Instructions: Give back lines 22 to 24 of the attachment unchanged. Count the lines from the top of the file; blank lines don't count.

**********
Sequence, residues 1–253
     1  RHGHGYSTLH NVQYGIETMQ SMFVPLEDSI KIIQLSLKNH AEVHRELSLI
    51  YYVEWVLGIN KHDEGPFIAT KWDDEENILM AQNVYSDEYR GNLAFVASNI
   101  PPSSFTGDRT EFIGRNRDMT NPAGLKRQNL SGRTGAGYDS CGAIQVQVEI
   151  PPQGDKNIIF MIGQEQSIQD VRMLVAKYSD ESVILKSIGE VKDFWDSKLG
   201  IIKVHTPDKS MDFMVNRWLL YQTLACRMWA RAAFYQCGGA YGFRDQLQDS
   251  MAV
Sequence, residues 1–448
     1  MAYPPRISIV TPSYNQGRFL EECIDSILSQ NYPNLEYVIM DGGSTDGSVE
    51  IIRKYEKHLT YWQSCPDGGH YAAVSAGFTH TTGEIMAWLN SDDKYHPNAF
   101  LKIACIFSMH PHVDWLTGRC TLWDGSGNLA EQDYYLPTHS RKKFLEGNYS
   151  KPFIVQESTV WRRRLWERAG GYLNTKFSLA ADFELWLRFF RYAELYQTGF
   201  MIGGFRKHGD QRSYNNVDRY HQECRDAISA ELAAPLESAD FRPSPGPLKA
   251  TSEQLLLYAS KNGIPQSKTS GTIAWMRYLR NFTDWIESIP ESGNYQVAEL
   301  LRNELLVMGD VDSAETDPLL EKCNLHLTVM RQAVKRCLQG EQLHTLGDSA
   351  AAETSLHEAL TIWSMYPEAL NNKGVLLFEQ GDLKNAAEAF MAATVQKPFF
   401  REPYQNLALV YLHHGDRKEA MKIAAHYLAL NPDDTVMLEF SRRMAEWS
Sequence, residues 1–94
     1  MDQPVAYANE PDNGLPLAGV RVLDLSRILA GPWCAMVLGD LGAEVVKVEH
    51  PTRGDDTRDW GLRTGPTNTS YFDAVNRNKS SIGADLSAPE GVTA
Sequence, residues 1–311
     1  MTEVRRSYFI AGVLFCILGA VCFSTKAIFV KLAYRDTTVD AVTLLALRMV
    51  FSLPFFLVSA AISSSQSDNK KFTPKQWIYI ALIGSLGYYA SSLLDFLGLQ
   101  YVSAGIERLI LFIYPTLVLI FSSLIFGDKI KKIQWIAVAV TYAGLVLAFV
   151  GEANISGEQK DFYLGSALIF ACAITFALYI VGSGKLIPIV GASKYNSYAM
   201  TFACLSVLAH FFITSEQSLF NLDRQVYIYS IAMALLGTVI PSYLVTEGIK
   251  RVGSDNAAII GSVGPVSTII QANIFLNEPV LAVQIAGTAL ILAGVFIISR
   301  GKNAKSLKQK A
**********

     1  MTEVRRSYFI AGVLFCILGA VCFSTKAIFV KLAYRDTTVD AVTLLALRMV
    51  FSLPFFLVSA AISSSQSDNK KFTPKQWIYI ALIGSLGYYA SSLLDFLGLQ
   101  YVSAGIERLI LFIYPTLVLI FSSLIFGDKI KKIQWIAVAV TYAGLVLAFV